Monday, 1 October 2007
For part of the journey down to Invercargill, the bottom portion of the sky shone in a band of blue right down to the horizon, with a bank of misty cloud above. As we looked down towards the horizon-less Hokonui hills seemingly swimming in a sea of blue, it was easy to imagine we were actually looking at a view of the ocean, with the hills as islands. It was uncanny how easily our minds tricked us into thinking we were looking out to where land was meeting the ocean, rather than the true view of hills framed against an inland sky.
Then when Cilla McQueen generously introduced the poetry reading, treating those of us there to a well thought-out address, part of which describes the Pacific as the centre of the earth; as an ocean ringed by islands, rather than the other way around; it was as if the sky-scape we had been treated to on our way down to Invercargill, was in preparation for Cilla's thoughts. Having the Pacific-centro perspective pointed out as the true one, surprises, intrigues and finally settles in your mind as right.
And it felt right too, to be there at the Invercargill library reading my poetry about Southland to the small (in number) but attentive audience.
There was definitely a hard-to-believe-I'm-really-here feeling. A little akin to sublime. Even a little surreal. I loved it. Every minute. Just to have Cilla, an established New Zealand poet whom I have long admired, to introduce me was in itself enough to topple me into pinch-me-I'm-dreaming territory. Donelle, Otago University Press's intrepid, super-duper, thoroughly fantastic publicity person certainly instigated and arranged for a sweet event.
And Helen at the Library too, with the tasteful arrangement of balloons and posters, the quiet dignified arrangement of deep-blue seats right in the middle of the library, so that Sunday library browsers could listen in and - as ABM put it - see that listening to poetry doesn't actually kill you.
Afterwards, we bid Donelle good-bye (I am hoping that as an ex-Aucklander she was impressed with the sunshine Invercargill turned on ... ) and then my little support group and I had coffee and cake to celebrate.
The trip there and back was full of sips (interspersed with hearty gulps) of spring. Lambs, lambs, lambs and more lambs doing appropriate lamb-y things - frolicking, chumming up together, cuddling-up against mum, spinning their little tails like propellers as they grabbed a drink ... But above all, looking as cute as cute with their creamy, woolly, astrakhan coats and grubby knees. We remembered a niece saying how lambs have to be the cutest of all the animals we eat. And daffodils. Everywhere. Southlanders love their daffs. They have them growing along the roadsides at the start of every town. Clumps and groves and rows and billowing waves of them. After seeing so many yesterday, I developed a new appreciation of these flowers - how they struggle to hold up heavy, heavy heads without a close ruff of leaves to support their skinny necks. There's something brave about how kitsch they are, how sickly sweet and familiar; yellow bonnets bobbing in a much too-cutsey manner; on top of vulnerable, thin necks oh so easy to snap.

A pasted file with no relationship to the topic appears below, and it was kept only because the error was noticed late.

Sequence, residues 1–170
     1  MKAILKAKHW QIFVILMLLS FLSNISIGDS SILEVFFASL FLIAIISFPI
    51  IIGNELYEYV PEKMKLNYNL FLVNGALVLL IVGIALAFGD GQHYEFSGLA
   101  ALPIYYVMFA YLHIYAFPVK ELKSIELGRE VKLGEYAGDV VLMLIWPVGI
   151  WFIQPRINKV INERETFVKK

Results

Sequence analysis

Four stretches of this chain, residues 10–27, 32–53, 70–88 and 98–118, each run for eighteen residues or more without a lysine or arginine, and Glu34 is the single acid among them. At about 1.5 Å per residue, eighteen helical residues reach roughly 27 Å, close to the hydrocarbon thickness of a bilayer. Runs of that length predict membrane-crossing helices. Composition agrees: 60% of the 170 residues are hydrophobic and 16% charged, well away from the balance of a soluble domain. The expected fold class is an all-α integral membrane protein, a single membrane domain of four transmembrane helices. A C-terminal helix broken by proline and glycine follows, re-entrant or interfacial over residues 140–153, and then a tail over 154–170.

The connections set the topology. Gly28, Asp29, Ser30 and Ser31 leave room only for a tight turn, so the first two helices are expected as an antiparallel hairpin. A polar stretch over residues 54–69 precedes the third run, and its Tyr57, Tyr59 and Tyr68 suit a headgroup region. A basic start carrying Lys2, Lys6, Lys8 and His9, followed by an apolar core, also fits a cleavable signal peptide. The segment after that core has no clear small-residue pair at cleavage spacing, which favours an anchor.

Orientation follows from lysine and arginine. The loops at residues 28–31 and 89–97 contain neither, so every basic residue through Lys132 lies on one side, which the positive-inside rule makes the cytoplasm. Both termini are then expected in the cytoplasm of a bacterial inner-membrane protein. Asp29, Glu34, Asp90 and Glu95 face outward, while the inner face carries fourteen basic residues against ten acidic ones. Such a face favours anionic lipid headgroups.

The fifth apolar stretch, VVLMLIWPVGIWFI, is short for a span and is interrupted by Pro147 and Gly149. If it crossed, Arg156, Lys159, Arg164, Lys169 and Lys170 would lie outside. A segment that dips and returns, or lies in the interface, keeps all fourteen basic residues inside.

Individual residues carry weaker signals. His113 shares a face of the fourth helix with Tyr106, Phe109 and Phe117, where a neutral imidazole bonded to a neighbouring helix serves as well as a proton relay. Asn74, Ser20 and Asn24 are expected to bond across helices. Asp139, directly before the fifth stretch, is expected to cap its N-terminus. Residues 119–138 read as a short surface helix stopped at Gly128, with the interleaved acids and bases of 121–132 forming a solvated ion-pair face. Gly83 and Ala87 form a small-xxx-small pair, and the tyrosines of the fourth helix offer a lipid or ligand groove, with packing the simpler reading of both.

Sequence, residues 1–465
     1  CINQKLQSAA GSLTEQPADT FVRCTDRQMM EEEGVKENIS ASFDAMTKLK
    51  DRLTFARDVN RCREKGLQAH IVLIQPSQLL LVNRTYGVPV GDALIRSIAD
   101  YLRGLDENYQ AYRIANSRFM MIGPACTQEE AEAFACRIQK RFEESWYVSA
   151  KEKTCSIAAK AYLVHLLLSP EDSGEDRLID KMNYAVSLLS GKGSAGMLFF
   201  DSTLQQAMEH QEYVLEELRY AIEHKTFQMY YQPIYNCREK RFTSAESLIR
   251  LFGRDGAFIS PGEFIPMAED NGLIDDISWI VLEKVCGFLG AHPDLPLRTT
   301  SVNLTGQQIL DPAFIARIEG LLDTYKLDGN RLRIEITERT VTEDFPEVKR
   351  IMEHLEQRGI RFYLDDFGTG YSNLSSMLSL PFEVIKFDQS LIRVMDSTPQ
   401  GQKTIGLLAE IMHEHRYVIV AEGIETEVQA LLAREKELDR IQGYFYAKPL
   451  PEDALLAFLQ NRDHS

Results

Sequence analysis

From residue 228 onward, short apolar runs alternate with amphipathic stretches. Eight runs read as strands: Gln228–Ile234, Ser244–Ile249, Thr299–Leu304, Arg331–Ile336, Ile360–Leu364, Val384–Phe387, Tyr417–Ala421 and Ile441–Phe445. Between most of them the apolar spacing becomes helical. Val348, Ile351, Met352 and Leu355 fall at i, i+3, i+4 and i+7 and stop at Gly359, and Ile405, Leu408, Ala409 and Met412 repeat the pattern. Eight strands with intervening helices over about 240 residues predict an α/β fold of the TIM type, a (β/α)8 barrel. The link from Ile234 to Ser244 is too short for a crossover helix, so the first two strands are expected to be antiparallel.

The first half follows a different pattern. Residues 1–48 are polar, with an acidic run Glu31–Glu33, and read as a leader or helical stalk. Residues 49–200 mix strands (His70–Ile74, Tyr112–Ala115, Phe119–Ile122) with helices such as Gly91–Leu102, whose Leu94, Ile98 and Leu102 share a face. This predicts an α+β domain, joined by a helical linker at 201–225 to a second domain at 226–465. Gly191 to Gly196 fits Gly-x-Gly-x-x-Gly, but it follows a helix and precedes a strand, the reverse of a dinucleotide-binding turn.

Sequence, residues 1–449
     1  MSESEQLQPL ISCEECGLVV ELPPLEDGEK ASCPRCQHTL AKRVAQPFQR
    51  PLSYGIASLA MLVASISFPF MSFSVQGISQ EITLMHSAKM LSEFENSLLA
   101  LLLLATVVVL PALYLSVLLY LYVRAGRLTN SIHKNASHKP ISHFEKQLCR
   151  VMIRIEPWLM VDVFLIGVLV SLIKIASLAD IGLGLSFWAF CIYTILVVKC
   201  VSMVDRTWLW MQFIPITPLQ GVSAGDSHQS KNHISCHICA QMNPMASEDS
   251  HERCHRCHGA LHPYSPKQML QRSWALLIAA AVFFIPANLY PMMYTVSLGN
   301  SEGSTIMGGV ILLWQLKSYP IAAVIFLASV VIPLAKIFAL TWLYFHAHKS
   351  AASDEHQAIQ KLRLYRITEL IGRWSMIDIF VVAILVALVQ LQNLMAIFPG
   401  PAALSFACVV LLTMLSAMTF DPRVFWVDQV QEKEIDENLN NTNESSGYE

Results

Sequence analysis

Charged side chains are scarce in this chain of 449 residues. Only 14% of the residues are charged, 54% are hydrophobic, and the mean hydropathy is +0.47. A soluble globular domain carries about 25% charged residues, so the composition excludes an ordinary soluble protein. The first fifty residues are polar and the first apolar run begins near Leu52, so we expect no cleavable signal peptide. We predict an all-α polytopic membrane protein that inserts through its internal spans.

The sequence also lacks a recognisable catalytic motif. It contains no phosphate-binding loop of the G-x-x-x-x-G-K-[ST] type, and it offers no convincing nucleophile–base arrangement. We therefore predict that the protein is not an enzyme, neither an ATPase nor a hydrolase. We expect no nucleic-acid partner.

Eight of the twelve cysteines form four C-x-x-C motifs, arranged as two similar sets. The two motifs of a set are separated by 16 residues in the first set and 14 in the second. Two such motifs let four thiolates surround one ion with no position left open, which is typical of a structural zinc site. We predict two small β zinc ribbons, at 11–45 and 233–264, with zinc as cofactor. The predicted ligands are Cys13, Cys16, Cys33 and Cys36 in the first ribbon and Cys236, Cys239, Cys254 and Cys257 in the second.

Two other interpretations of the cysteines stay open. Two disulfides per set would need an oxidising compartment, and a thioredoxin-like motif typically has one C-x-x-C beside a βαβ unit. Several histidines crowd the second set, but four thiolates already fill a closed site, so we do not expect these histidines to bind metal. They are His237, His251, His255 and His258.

And then home to two hungry cats. It was a good day.
I did have time to think of Jan's challenge - five of my favourite books.
I've completed this challenge before. I've forgotten what books I listed then. Maybe they are the same as then, but I think not.
Anne of Green Gables by L.M. Montgomery
Berlin Diary by Cilla McQueen (NZ poetry)
A House for Mr Biswas by V. S. Naipaul
Stuck Up by John Dolan (American poetry - written by an ex-pat American in NZ)
Dialectic of Mud by Richard Reeve (NZ poetry)
All of the above books changed and inspired me in some measure. All of them I return to often. To be inspired again.